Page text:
For me, when a stock car rally or a huge village fete doesn’t need a license, why on earth should a performance of “La Traviata” or “A Midsummer Night’s Dream” in the grounds of one of your wonderful houses? It’s bonkers, ladies and gentlemen, and we want to do away with it. So I encourage you [and your members] most warmly to respond to the consultation. It closes on 3 December, so get cracking.
I also know that many of you will often have been tied in knots by the Temporary Event Notice system. So I hope you will find it helpful that Ministerial colleagues at the Home Office have shortened the minimum notice period for Temporary Event Notices from 10 to 5 working days, and that permissions that once had to stop at 98 hours can now continue up to 168 hours. Similarly, whilst the Home Office have been busy cracking down on problem alcohol, the Government’s Red Tape challenge has examined areas where local decision making or de minimis levels may be appropriate for alcohol sales.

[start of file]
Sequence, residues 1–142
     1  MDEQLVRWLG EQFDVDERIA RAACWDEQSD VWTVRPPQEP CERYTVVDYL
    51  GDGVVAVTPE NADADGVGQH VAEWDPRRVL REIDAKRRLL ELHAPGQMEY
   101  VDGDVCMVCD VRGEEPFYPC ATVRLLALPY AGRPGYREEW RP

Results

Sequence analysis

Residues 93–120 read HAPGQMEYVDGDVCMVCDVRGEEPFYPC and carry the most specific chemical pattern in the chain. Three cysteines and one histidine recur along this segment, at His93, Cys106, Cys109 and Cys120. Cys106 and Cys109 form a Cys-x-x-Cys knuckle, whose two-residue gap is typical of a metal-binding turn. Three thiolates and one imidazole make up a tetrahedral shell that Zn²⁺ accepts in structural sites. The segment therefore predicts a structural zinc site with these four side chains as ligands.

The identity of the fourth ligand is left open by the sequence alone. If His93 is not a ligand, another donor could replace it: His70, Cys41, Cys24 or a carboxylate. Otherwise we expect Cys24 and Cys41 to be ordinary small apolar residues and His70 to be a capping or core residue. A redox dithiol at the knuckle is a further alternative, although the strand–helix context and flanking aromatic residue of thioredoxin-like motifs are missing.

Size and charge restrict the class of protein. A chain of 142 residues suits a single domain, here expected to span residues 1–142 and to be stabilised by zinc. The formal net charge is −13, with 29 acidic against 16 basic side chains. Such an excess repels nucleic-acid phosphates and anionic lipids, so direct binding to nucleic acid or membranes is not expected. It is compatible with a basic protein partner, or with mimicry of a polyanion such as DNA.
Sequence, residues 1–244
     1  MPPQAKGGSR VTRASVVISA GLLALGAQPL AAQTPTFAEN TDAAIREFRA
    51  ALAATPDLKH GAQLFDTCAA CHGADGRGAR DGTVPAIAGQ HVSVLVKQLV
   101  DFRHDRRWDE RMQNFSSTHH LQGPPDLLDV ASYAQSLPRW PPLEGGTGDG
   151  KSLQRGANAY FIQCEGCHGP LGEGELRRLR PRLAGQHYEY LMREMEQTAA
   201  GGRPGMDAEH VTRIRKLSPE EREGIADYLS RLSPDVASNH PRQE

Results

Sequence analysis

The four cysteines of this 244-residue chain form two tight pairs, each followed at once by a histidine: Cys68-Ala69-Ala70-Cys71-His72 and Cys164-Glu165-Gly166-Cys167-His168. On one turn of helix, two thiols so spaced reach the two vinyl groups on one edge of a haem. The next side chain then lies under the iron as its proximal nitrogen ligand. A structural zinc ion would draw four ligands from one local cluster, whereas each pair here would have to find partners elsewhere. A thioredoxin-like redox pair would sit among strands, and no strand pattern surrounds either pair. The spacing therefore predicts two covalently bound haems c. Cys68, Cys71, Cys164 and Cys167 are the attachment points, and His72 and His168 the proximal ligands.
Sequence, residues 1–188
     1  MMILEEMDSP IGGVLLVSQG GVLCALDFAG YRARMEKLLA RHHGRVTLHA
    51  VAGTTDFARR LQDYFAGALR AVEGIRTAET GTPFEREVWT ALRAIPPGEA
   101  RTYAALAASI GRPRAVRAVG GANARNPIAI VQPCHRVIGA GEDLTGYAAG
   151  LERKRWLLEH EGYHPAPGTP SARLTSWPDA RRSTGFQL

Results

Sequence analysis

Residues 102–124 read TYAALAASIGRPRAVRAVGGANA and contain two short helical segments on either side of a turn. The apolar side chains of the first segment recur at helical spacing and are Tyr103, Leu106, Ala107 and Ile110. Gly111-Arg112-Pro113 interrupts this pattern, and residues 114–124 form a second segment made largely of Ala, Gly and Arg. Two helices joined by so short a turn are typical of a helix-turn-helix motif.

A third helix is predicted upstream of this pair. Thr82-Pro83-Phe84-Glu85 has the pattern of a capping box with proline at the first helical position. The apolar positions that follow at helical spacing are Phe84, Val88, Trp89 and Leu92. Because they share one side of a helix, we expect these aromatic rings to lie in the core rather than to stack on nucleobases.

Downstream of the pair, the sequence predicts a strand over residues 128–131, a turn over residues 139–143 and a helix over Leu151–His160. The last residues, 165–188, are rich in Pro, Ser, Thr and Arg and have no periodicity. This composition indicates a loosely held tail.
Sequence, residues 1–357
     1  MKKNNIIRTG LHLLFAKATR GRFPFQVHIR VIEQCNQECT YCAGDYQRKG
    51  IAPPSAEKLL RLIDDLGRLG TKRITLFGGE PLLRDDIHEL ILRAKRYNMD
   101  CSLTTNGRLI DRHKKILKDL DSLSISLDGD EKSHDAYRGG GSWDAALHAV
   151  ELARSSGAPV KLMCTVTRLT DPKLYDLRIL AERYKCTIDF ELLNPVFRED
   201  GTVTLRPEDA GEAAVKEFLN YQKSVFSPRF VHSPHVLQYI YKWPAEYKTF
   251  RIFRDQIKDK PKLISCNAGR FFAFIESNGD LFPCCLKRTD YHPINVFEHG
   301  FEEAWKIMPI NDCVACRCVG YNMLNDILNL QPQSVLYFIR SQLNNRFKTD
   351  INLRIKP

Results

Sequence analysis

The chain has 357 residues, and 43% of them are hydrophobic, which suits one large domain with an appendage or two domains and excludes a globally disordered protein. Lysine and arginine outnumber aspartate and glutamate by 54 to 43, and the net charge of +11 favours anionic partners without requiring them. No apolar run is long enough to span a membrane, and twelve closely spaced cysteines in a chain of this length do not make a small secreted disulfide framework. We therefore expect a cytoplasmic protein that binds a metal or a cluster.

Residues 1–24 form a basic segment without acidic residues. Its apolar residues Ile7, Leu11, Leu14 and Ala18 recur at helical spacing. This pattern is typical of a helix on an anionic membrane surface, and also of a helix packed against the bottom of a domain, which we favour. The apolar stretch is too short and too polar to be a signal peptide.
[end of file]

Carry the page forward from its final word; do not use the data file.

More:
I know as well that inconsistency over Brown tourism signs frustrates many of you. The disappearance of signs such as at Holme Pierrepont Hall or Rokeby Park without warning and the problems of other attractions in obtaining them such as Scampston Hall, has implications for all of our tourism industry. And that is why DCMS is working with the Highways Agency and DfT to establish a more coherent and attractive approach which balances the need for tourism against road safety. We aren’t there yet but, believe me, we’re further along the process than ever before.
I also want to provide more speed and certainty for owners like yourselves, who are maintaining and developing heritage assets. I know how frustrating it can sometimes be, for example, working out where the special interest in a building lies and whether listed building consent is necessary for particular works. And similarly it can be a real pain having to apply time and again for consent for regular maintenance works, or for works where it’s obvious that consent will be granted if they are carried out in a particular way. We need to improve the listed building consent system, so owners have much more clarity and certainty about what they can and cannot do, and so the entire process becomes quicker, clearer and simpler to use without weakening the overall levels of protection which our heritage buildings and sites will need.